Pragpur – about 80kms from Dharamsala, is a small town located at an elevation of 1800feet in the Kangra Valley nestling below the majestic Dhaula Dhar Ranges. Local sights include nature walks, Kangra wall paintings at Dada Siba, visit to river Beas (within 15kms)
Kullu, located at an altitude of 1200m, is the district headquarters of the Kullu Valley. Located on the banks of the Beas River, the valley was once known as Kulanthapitha (End of the Habitable World). The first recorded inhabitants of the valley date back to the 1st century. Kullu came to be accessible to the outside world, only after Independence. This long period of seclusion served to enhance the element of rawness and simplicity that is inherent in the area and allowed the area to retain a considerable measure of its traditional charm. The valley is also known as the Valley of Gods due to the profusion of Hindu religious traditions and myths in nearly every stream and rock. In medieval times, it was the seat of a great hill kingdom. Today it is famous for its apple orchards, wooden temples, folk music and dance.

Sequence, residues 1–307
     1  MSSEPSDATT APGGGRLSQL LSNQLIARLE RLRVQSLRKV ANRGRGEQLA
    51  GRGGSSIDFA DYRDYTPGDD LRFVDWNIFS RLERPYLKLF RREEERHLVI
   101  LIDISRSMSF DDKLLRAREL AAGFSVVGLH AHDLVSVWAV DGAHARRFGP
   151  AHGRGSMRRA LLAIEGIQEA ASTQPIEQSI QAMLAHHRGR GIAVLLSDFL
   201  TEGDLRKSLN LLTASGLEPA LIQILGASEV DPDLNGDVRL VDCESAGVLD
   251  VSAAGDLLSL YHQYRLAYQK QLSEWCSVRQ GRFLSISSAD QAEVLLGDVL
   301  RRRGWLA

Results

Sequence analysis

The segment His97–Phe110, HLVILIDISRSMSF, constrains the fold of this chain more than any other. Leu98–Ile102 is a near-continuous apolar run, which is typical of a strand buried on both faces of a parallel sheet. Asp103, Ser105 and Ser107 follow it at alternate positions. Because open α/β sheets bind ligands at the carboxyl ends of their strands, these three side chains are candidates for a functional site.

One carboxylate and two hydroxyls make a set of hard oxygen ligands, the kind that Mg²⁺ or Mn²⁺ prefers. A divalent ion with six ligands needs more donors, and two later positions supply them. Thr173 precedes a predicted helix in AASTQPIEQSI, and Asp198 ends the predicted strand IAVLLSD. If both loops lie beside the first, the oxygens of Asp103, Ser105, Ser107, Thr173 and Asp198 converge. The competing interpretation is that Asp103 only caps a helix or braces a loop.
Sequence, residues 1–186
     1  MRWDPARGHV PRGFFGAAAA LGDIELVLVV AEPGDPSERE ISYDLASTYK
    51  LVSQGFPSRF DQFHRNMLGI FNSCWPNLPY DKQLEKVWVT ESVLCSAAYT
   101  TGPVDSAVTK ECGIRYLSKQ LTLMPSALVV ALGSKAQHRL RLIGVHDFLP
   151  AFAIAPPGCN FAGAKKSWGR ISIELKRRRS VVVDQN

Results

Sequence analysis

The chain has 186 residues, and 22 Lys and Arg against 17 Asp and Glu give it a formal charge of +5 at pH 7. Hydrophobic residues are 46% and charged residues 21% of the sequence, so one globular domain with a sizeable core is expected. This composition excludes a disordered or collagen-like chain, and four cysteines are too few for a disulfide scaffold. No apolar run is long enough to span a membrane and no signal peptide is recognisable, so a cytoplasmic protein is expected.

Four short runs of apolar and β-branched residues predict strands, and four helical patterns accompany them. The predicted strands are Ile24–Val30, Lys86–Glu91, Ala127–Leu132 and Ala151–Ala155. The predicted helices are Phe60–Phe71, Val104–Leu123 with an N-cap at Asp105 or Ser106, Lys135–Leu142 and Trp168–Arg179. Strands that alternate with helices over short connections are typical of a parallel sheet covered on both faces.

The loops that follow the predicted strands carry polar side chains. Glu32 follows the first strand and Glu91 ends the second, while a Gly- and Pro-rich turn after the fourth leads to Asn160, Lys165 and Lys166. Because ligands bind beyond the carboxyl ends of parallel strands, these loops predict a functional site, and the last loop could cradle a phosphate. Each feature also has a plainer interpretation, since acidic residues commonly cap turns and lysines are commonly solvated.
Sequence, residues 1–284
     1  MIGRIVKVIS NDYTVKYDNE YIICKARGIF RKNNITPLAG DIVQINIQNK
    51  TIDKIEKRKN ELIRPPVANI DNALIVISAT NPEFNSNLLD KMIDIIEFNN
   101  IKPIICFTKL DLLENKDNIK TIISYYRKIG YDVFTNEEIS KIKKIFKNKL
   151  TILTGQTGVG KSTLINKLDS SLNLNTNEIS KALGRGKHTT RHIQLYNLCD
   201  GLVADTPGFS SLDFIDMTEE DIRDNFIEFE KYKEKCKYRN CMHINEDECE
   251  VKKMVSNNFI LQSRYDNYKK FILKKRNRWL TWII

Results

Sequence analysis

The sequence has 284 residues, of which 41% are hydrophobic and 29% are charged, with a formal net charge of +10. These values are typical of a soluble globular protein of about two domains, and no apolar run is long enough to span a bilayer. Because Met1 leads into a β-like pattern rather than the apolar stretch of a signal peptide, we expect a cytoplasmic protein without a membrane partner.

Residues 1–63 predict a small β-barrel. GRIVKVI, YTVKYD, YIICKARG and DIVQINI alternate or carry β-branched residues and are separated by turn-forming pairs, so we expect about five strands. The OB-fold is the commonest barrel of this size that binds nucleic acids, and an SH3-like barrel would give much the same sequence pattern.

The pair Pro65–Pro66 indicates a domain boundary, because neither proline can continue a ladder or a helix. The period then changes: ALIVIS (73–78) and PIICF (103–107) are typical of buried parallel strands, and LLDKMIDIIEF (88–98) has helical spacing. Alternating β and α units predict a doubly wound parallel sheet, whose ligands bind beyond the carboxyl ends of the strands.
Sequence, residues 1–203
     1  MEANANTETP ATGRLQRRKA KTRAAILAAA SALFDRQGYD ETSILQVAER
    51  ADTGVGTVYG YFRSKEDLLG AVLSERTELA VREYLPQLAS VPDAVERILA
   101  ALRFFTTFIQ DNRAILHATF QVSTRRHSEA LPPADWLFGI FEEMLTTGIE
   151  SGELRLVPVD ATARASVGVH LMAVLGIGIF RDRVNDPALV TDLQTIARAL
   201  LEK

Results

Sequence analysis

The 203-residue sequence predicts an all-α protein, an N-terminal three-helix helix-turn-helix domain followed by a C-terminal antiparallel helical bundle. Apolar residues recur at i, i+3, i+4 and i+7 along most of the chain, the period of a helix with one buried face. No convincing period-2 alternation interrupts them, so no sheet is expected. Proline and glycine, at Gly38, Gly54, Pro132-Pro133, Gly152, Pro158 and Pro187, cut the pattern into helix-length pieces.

Adventure – the Kullu valley is the meeting point of several trek routes, mainly the routes from Chanderkhani Pass to Malana, over the Jalori Pass or Bashleo Pass to Shimla and over the Pin Parvati Pass to Sarahan. The magnificent Beas also offers ample opportunities for some exciting White River rafting.